PULLMAN, Wash. – A group of Washington State University engineering students is hoping to build a simple suspension footbridge to make a positive difference for residents of a rural community in El Salvador.
 
The students, members of the WSU student chapter of Engineers Without Borders (EWB), have completed design and secured money for materials. Now they’re hoping to raise enough money to head to El Salvador in August to build the bridge.
 
The project came about when the student group was contacted by Bridges to Prosperity. The nonprofit group, founded by WSU alumnus Ken Frantz (’71, political science), helps build footbridges in rural communities in developing countries.
 
The bridges can change the lives of nearby residents, said Ryan Hartman, a senior in civil engineering who has been active on the EWB project.
 
In the small community of La Hacienda, Corinto, residents who often do business in a larger community on the other side of a nearby river can cross the river only during the dry summer months. During the rainy season, the river gets too high and becomes impassable. Children can no longer attend school, farmers can’t sell their produce in the city and medical help becomes unavailable.
 
“A footbridge can really improve lives, in terms of social, economic and health, as well as allowing education for the kids,’’ said Hartman.
 
Last fall, Karl Olsen, a faculty member in the Department of Civil and Environmental Engineering, and student John Bergeleen went to El Salvador, where they conducted a site survey for the bridge.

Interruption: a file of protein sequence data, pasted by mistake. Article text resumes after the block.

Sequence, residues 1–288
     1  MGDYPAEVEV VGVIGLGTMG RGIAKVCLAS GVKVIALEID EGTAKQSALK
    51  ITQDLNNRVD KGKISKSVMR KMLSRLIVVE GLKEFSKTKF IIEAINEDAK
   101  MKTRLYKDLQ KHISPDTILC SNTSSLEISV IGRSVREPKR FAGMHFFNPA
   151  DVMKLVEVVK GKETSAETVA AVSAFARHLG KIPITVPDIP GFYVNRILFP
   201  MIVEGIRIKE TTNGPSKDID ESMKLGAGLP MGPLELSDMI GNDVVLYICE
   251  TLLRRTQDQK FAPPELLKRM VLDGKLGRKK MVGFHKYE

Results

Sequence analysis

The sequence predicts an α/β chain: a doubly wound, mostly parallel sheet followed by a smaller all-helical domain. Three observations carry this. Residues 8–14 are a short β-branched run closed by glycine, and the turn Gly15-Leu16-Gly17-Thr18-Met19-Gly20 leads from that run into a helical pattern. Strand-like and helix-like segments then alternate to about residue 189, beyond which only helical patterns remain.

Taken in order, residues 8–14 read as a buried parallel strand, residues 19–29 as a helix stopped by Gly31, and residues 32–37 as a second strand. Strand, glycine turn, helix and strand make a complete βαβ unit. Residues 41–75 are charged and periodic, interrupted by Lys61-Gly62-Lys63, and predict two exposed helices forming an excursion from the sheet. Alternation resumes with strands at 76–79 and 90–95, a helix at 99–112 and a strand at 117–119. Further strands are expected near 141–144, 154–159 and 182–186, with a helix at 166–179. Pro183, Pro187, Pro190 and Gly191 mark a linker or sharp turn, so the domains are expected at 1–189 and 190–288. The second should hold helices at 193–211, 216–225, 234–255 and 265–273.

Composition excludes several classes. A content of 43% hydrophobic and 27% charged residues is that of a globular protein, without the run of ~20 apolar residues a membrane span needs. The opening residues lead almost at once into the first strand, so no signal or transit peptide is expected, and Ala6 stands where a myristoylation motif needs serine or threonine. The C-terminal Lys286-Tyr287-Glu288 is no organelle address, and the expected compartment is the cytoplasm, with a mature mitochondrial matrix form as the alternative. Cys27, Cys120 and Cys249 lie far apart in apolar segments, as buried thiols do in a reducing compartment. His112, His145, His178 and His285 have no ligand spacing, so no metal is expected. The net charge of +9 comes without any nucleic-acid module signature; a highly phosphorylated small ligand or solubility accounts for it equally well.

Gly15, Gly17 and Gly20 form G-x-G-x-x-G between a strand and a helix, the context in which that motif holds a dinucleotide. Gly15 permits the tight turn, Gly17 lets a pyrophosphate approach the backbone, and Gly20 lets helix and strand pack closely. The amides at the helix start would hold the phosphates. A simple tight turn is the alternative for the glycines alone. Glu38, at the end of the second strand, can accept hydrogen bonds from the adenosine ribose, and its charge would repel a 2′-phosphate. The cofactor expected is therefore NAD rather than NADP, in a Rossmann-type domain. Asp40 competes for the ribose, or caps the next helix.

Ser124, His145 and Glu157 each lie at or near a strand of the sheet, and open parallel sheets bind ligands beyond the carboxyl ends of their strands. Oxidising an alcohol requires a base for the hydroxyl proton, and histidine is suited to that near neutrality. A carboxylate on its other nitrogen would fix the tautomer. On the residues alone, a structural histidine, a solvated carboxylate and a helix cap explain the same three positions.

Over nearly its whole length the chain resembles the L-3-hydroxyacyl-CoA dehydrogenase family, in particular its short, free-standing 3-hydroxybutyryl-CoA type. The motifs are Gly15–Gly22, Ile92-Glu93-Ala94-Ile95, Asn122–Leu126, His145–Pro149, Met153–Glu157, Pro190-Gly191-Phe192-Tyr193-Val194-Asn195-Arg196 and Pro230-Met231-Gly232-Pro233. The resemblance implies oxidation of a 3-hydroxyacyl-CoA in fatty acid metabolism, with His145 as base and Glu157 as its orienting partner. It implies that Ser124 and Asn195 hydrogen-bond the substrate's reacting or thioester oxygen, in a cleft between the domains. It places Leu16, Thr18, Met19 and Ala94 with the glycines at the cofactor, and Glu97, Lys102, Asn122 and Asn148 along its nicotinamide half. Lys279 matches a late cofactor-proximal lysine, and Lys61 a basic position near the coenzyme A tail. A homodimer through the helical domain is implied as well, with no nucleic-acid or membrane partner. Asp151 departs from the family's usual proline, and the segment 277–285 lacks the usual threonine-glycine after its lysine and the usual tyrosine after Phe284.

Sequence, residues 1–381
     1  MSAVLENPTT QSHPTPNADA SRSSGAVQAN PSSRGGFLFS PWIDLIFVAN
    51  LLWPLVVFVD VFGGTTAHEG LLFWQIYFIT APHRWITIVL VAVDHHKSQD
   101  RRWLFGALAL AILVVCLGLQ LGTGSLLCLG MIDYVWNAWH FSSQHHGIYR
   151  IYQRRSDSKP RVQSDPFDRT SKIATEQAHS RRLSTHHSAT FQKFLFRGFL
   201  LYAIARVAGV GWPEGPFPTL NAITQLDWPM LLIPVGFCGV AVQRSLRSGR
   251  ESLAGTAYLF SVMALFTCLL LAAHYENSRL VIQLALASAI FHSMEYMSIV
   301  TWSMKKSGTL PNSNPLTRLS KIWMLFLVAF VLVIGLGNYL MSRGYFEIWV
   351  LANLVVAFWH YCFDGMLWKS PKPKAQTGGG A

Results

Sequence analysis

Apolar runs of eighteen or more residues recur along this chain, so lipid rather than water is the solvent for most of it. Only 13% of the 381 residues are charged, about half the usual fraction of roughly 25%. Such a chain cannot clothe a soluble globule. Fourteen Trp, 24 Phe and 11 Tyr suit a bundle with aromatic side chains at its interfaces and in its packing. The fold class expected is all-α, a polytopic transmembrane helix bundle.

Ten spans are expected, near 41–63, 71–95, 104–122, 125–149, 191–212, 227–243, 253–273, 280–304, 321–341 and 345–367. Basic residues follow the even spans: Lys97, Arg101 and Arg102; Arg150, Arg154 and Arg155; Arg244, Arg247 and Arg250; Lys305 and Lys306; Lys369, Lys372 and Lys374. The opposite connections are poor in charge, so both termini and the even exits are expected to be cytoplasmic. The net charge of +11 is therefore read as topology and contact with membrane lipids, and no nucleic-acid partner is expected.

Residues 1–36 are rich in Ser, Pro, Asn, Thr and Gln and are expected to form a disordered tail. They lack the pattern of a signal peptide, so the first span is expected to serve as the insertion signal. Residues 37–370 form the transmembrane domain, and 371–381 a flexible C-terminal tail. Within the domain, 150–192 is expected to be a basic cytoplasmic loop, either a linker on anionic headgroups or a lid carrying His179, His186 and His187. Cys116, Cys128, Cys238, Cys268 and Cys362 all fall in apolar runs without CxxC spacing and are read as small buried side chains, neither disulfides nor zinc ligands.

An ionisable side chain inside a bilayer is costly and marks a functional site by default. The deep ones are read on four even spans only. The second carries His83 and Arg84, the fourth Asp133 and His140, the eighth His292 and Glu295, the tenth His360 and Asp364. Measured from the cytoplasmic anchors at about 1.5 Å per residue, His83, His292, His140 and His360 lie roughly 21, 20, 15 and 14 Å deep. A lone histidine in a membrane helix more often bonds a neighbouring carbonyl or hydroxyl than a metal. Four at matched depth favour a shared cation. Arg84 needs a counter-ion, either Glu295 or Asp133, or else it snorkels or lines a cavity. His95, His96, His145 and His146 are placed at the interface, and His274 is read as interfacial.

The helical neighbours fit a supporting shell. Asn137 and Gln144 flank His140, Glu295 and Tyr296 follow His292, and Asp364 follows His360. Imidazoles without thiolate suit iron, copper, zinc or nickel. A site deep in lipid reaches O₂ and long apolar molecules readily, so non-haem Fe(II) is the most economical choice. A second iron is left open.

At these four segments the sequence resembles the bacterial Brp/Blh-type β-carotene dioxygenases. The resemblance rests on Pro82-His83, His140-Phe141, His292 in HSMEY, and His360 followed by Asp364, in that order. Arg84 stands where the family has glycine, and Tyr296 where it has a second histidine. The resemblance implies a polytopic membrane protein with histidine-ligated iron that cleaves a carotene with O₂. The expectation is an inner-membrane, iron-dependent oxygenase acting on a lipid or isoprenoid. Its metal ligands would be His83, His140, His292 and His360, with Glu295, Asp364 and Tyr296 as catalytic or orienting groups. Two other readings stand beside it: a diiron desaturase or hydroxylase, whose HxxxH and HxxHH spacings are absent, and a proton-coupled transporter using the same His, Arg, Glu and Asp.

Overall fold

During the school year, a group of students, including Bergeleen, designed the bridge as part of their senior design project. 
 
The Engineers Without Borders students applied for and received a grant that allows for the purchase of the required bridge materials. They plan on purchasing materials locally when they arrive in El Salvador with the exception of cable for the bridge, which is provided by Bridges to Prosperity.
 
Hartman has enjoyed working on the project and would like to get the effort completed.
 
“I want to see the site and see how this helps the community,’’ he said. “I want to get to know these people and be there for its construction. I also want to broaden my own horizons.’’
 
In the long term, the EWB students would like to continue bridge building in the region on an annual basis.
 
During the August trip, the students hope to do another site survey for possible construction of an additional bridge. They also hope to establish relationships with a university in El Salvador to further the effort.
 
For more information on the project or to donate, go to www.ewb.wsu.edu.